Monday, May 2, 2011

Hermeneutics by John Wesley

Therefore you shall be perfect, just as your Father in heaven is perfect". - Matthew 5:48

Wesley claims that God would not require of us something that is impossible. This premise has been the subject of ridicule especially from the Classical Hyper-Calvinist camp. A close look at this proposition, however, yields for sound hermeneutics.

To comment on the counter-view, if one disagrees on the Wesleyan premise, he begins to subject Scriptural commands to meaningless rhetorical statements....something like God thinking aloud but not really telling us anything for our benefit, which is quite ridiculous. This makes Scripture interpretation arbitrary and ultimately meaningless and of no value to everyday life or personal sanctification. But then, under the hyper-classical view, a good two-thirds of Scripture have no meaningful interpretation nor value to them.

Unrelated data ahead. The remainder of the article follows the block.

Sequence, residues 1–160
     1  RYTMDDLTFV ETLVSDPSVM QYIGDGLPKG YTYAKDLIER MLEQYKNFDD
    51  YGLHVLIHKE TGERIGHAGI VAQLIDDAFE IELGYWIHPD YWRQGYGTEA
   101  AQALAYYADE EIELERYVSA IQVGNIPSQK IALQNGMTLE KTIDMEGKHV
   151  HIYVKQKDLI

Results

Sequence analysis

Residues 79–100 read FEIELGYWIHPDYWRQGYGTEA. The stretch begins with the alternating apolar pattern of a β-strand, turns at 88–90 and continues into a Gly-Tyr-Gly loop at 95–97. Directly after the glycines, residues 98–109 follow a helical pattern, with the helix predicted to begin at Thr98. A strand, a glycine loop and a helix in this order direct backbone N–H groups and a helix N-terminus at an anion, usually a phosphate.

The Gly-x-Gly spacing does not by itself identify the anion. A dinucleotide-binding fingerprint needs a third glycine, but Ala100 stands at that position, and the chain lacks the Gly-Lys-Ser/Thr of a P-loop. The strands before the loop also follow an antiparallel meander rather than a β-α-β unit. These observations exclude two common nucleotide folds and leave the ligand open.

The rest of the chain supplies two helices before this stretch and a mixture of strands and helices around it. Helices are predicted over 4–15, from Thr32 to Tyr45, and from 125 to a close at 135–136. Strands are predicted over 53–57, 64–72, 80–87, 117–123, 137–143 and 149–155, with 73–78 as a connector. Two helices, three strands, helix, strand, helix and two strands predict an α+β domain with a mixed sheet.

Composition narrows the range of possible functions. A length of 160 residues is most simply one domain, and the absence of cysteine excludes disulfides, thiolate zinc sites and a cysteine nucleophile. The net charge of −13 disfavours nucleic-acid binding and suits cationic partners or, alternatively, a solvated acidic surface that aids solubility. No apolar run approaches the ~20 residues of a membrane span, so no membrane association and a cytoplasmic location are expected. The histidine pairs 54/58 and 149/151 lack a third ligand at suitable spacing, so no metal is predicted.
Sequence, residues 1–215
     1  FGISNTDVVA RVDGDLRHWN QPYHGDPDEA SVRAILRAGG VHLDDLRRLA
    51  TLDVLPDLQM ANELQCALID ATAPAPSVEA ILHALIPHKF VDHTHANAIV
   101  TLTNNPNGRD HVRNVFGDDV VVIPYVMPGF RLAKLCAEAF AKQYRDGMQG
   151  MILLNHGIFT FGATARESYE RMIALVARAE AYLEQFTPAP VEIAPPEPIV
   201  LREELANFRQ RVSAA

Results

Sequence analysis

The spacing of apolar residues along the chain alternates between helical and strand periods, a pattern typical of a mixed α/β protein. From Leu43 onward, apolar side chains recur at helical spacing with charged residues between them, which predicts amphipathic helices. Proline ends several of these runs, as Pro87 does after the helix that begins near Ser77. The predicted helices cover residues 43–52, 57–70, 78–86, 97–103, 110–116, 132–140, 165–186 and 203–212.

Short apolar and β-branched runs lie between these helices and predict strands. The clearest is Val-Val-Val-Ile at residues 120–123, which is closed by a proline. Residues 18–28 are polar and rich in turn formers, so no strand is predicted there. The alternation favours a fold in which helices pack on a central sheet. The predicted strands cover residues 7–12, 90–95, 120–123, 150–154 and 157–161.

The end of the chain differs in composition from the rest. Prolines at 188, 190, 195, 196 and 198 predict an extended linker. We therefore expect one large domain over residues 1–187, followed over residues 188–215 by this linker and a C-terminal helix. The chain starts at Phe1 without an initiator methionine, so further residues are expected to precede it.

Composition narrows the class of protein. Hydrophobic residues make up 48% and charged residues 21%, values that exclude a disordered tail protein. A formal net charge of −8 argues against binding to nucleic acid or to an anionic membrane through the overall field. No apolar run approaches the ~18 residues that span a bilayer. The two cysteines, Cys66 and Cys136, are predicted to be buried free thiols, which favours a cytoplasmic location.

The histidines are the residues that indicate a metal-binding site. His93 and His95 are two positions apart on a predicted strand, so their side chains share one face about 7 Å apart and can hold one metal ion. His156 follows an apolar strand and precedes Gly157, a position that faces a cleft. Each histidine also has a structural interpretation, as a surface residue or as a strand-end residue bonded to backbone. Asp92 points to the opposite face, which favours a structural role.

This violates the whole intent of divine revelation if 2/3 of what is revealed (or even a small portion of it) does not qualify for 2 Timothy 3:16.17. On the other hand, and emphatically, ALL of God's word has value. In fact, I would safely surmise that ALL of God's Word has PRACTICAL VALUE simply because it is uttered and/or "inspired" by an Omniscient and all-wise God!.

The hermeneutical pursuit should then be, "What could the inspired Word of God mean by this?" This is where Wesley is correct in deriving that this could mean simply a perfect motive (which is synonymous to a perfect heart in Wesleyan thought). It is in this sense, that Scriptural passages like this come to have practical value. Hence, imperfect man will always have imperfect behavior or actions or attitudes. However, redeemed man, is highly capable of having a perfect motive and acting it out in his daily life (even if the manifestations are imperfect!).

For example, a friend may do something to another out of love (yes, self-less, sacrificial, and redeeming love). However, because we are imperfect and live in a cursed world, the expression of that love may be imperfect yielding hurtful words or misunderstood actions. Nevertheless, it does not at all degrade the imperfect person's perfect motive of love.

It is in this sense, that the command, "Be perfect" makes sense, because it can be obeyed and is doable.

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